Cercié is only 5 kilometers away from Villié-Morgon, the village houses seem to be lower compared to Villié-Morgon, a long street around which the village built up. You already feel the proximity of the plain and of Belleville, a big village/small town along the Saone river.
Christophe Pacalet's facility is on thee outskirts of the village, and his wines are making quietly their way through the winter, but we could have a glimpse on their becoming. Christophe Pacalet doesn't own the vineyards he's making his wines from, he buys grapes from different growers who follow his organic guidelines and limited-yields requirements. This fits into the winery format which we usually call négoce although here it's mostly around a non-interventionist winemaking philosophy and overall small volumes.
__Christophe Pacalet Chiroubles 2011. Not bottled yet, a bit cold because it's quite cold around here. No SO2 during the vinification here. There will be a bit at bottling. He says that until now he thinks that 2011 is a good vintage in many regards although he thought differently last july (it was raining the whole of july). But august reversed this completely and was sunny and healthy; they harvested starting august 27. What was great was that the damaged grapes dried under the north wind and the sun (ça a "figué", he says in French, meaning that it dried fig style). He had to tell the pickers not to throw away these withered grapes here and there even if they didn't look so nice.
__ Christophe Pacalet Juliénas 2011, from a cask. Could be bottled in april, at Easter. Enjoyable. A bit oaky.
__ Christophe Pacalet Fleurie 2001. A bit of reduction here, he says. Not very noticeable for me. Very nice wine in the mouth, I like that. No sugar left, he says, it's dry. He says that before Christmas it was lots more reduced. He uses to be very wary when reduction shows up but his uncle Marcel Lapierre always taught him not to be afraid and just wait, adding that reduction is the opposite of oxydation, so it's good for the wine actually. This wine needs more time than the previous wine, and in june or july it should be fine, he says. He has 13 casks of this wine.
Chenas is the Beaujolais cru which makes the highest alcohol, he says. While the north of Beaujolais has a terroir of crushed granite, here there's a lot of clay which holds the water and with the sun it makes higher photosynthesis which in turn makes more alcohol. The rain also brings occasionally problems on this terroir like for Pinot, same on Moulin à Vent where there's clay too. If rainy they can get lots of damaged grapes. Chenas is not a famous appellation including in France, he says, and there's a reason for that : before the AOC system was set up in 1936, all the Chenas wine was purchased in bulk by Burgundy wineries which would use it to blend with the Pinot Noir. The reason was that at that time the alcohol level of Pinot was too low and the Gamay adding helped it up. When the AOC rules were fixed in 1936, the Chenas growers lost their customers from Burgundy overnight and that's when the local coopératives were set up to open a new distribution window for Chenas wine. The Burgundy wineries were also unsettled by the fact that they couldn't anymore blend their Pinot with the Gamay of Chenas, so the AOC let a small window open : the Passetoutgrain, which is maybe the sole Burgundy wine where you blend Pinot with Gamay.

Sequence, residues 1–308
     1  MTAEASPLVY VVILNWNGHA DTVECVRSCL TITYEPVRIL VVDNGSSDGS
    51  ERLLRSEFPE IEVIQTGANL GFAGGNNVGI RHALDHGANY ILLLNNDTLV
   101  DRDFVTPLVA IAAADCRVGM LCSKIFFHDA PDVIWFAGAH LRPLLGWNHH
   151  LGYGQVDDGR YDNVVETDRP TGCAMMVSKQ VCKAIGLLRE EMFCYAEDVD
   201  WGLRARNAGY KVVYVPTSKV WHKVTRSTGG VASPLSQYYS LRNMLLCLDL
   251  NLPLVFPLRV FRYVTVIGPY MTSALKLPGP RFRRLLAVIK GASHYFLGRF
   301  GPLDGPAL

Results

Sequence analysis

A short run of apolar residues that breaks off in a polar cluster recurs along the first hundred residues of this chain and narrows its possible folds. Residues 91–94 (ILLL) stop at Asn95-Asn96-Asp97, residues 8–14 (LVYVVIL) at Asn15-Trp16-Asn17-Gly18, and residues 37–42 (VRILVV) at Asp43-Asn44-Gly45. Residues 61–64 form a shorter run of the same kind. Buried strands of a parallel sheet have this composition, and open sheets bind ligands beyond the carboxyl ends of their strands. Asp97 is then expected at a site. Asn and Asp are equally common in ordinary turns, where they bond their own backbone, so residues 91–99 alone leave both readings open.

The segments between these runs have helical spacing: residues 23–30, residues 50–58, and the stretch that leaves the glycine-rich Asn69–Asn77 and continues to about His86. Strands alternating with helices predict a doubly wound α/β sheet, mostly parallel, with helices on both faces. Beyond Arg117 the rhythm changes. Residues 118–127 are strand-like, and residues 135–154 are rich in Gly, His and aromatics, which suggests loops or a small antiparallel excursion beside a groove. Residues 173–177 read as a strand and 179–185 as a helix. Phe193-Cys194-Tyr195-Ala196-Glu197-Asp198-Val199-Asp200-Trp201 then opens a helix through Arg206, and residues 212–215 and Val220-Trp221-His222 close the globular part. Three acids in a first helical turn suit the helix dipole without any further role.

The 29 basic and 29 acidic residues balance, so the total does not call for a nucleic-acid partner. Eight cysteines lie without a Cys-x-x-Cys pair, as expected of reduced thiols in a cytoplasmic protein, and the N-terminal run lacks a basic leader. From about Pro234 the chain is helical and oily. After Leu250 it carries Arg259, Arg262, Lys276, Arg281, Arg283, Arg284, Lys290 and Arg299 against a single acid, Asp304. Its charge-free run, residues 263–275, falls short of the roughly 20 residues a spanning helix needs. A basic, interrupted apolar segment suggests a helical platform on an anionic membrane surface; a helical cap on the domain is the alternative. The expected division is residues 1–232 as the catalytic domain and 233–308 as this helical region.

__Christophe Pacalet Moulin à Vent 2011. More closed at this stage. Moulin à Vent needs longer time in the cellar before it gives what it is meant to. Moulin à Vent is the Beaujolais cru which can have the longest cellaring time when bottled, something like 10 years, probably closer in this regard to Burgundy wines. It is thus a cru which isn't easy to taste that young.
Christophe Pacalet had recently the opportunity to work with several parcels belonging to the family of Jules Chauvet. They are part of about 6,5 hectares of vineyards near La Chapelle de Guinchay (Jules Chauvet's hometown) which belong to the Chauvet family, namely to Jules-Chauvet's niece. As the previous grower in charge of these blocks was retiring, the Chauvet heirs looked for other vignerons to follow suit on the rent. The niece of Jules Chauvet knowing well the Beaujolais vintner Jean-Claude Lapalu, she offered him to take the surface but he didn't want to add more surface to his estate, so Mr Lapalu told Christophe about it. Christophe decided to take 1,7 hectare in Beaujolais Villages (in fermage or rent) while a couple of other vignerons took the rest. He will also rent an additional 3,5 hectare of the block with the other vignerons so they can share the investment needed to put the vineyard back in shape, particularly regarding the soil which hasn't been plowed for 20 years as it had been on conventional management with lots of weedkillers. They'll hire a service company to introduce back regular plowings, doing that on a gentle mode first, so that the vines can handle the change in the management. It will take a couple years, three maybe, before the weedkillers slowly vanish in the underground and the life comes back for good under the form of microbial activity, worms, insects and diverse weeds. They also got to drain the lower end of this plot so that the water doesn't surface.
On the picture above you can see Christophe Pacalet with Peter who is beginning to take care of the vineyard. Peter comes from Slovakia he's been travelling to Beaujolais for 20 years, working part time here in the vineyards and the rest of the time he's a mountain guide in the natural reserves of slovakia. When we drove to the block, he was busy pruning the old vines and taking away the dead ones. He noticed that the density in this vineyard is higher than elsewhere, with only 70 cm between the vines in a row instead of 90 cm or 1,1 meter.
My profile of Christophe Pacalet
Christophe Pacalet's winery website
Article about Jules Chauvet by Philippe Pacalet, Christophe's cousin